The Australian government has announced awarding five organisations with Defence Innovation Hub grants worth AU$5.9 million. Western Australia-based L3 Oceania has secured a AU$2.9 million contract to explore the development of an underwater acoustic sensor, while the University of Newcastle will explore the development of virtual reality-based resilience training programs for Australian Defence Force (ADF) personnel under a AU$2.2 million contract. Agent Oriented Software from Victoria has been awarded a AU$378,000 grant to explore the concept of an "autonomous teamed intelligent software agent capability resilient to cyber-attacks"; Explosive Protective Equipment from Queensland received a AU$242,000 grant to explore the integration of a Cobham Amulet Ground Penetrating Radar into an existing unmanned ground vehicle for the detection of improvised explosive devices; and Griffith University received a AU$183,000 grant to explore the development of a portable device that enables real-time detection of airborne biological threats. "These investments will drive growth in defence industry and innovation whilst focusing on the capability needs required to ensure Australia's national security now and into the future," Minister for Defence Industry Christopher Pyne said in a statement on Friday. Launched in December last year, the Defence Innovation Hub has invested about AU$20 million to industry and research organisations, Pyne said.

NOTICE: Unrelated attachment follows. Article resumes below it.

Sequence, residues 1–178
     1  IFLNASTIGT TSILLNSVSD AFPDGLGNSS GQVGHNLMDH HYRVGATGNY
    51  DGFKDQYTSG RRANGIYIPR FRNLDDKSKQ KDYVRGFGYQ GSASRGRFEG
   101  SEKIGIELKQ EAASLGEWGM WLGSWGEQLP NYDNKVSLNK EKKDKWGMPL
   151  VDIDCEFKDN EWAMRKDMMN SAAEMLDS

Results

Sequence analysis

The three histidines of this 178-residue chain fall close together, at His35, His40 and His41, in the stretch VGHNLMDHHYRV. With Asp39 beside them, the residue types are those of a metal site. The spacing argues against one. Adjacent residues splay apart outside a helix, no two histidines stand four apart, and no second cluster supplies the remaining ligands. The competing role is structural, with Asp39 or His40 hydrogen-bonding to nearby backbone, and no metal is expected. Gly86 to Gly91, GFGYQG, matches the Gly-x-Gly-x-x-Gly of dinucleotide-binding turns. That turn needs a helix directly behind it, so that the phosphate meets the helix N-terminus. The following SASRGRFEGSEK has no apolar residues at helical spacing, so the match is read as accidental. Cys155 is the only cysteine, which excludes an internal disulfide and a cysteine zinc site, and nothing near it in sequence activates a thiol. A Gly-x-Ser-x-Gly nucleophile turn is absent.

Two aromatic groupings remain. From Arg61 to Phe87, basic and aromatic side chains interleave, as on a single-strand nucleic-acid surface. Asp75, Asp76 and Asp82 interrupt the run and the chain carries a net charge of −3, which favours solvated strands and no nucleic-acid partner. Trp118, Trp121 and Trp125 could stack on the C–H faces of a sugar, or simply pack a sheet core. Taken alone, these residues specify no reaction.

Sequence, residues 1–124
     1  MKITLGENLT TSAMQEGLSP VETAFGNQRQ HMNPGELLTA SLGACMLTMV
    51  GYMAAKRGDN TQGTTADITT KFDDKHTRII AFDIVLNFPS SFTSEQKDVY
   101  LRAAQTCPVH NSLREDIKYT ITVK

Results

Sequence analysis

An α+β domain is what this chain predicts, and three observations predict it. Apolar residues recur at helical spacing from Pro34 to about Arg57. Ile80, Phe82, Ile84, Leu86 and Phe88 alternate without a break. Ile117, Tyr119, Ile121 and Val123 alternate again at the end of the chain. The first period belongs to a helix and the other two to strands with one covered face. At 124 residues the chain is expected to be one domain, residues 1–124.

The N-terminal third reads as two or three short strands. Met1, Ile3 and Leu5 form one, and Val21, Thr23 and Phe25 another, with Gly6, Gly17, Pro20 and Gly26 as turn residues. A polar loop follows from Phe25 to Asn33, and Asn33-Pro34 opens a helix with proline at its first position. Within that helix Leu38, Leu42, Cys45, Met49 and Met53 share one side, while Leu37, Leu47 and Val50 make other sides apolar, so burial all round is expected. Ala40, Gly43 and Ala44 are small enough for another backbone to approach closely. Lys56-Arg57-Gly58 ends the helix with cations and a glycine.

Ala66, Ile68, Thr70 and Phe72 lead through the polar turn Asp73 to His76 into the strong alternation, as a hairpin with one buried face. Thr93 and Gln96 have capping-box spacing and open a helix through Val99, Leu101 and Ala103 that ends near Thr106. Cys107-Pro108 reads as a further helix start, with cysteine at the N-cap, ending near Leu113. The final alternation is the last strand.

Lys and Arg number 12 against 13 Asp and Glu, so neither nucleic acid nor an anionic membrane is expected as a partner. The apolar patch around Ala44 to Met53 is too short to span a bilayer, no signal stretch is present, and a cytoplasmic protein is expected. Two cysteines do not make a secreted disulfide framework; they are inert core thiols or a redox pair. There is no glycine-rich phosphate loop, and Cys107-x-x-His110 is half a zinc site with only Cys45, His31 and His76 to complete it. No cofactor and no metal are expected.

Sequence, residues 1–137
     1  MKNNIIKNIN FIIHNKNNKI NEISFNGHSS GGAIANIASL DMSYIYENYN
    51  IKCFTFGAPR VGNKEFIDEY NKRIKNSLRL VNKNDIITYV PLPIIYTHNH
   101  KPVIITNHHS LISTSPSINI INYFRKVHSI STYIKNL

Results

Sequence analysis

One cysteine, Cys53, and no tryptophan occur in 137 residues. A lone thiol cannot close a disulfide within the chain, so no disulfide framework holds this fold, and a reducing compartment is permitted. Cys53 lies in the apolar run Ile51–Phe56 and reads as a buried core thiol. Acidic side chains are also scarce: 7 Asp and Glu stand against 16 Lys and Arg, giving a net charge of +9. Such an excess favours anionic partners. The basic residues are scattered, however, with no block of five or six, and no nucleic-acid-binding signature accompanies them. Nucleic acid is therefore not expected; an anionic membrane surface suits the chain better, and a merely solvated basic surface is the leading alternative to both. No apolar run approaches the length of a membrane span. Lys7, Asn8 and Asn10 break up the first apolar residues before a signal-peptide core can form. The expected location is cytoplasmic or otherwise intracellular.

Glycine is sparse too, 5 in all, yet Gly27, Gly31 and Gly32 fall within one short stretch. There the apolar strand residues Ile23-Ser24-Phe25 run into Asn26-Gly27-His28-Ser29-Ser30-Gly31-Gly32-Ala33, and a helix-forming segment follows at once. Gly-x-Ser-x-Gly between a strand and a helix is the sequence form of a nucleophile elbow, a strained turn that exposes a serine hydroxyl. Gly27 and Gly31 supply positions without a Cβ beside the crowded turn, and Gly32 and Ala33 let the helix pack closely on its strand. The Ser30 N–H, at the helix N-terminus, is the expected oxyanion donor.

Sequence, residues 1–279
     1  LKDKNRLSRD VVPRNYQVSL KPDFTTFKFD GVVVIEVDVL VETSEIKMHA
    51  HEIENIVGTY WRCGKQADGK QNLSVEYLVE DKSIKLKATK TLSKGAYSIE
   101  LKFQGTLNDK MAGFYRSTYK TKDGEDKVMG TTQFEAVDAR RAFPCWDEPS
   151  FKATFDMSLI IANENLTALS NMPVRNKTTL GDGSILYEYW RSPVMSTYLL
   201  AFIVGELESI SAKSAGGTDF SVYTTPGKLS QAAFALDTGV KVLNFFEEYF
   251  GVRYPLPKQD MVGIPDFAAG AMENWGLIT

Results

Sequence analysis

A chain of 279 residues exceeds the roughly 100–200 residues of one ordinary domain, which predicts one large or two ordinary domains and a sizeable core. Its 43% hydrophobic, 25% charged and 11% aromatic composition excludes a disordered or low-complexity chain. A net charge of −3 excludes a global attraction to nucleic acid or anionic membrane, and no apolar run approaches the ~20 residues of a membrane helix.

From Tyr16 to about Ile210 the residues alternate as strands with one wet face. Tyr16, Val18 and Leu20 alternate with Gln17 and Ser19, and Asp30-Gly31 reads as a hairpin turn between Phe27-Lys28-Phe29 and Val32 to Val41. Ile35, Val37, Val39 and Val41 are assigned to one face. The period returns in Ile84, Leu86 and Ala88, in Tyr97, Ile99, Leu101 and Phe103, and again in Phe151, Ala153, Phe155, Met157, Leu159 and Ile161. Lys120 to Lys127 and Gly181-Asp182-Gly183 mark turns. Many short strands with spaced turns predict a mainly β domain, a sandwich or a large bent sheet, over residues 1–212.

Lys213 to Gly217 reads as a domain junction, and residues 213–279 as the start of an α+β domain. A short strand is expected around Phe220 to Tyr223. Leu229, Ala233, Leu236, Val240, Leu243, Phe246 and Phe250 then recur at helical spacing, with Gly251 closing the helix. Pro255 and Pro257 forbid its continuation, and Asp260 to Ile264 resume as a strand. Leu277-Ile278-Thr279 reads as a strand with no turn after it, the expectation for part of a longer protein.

The ambush in Niger earlier this month that left four U.S. troops dead has been the subject of immense speculation, not only concerning President Trump's public response to the tragedy but also about what actually happened on the ground that day. Asked by Fox News on Capitol Hill if the administration has been forthcoming about the attack, Armed Services Committee Chairman Sen. John McCain, R-Ariz., replied, "of course not" and added, "it may require a subpoena." Defense Secretary Jim Mattis said Thursday that the attack is under investigation. A dozen U.S. Army soldiers, mostly Green Berets, along with 30 Nigerians, traveled 125 miles north of Niger's capital, Niamey, in unarmored trucks on a routine mission and to meet with local village elders in Tonga Tonga, near the border with Mali, on Oct. 4. U.S. Army Sergeant La David Johnson was killed when his patrol was ambushed in Niger.
Since the 2013 Target breach, it's been clear that companies need to respond better to security alerts even as volumes have gone up. With this year's fast-spreading ransomware attacks and ever-tightening compliance requirements, response must be much faster. Adding staff is tough with the cybersecurity hiring crunch, so companies are turning to machine learning and artificial intelligence (AI) to automate tasks and better detect bad behavior. In a cybersecurity context, AI is software that perceives its environment well enough to identify events and take action against a predefined purpose. AI is particularly good at recognizing patterns and anomalies within them, which makes it an excellent tool to detect threats.
Artificial Intelligence (AI) presents a significant opportunity to solve problems previously either not easy to solve or worse, not possible to solve. The combination of AI along with today's Graphics Processing Unit (GPU) technology provides an added boost to those leveraging sophisticated algorithms in their deep learning solutions. These sophisticated systems are able to train deep learning models and ultimately lead to predictive insights. The objective is to move from reactive to proactive and finally to predictive insights. The breadth of opportunities that AI presents is wide, however, a significant opportunity is in the Cybersecurity space.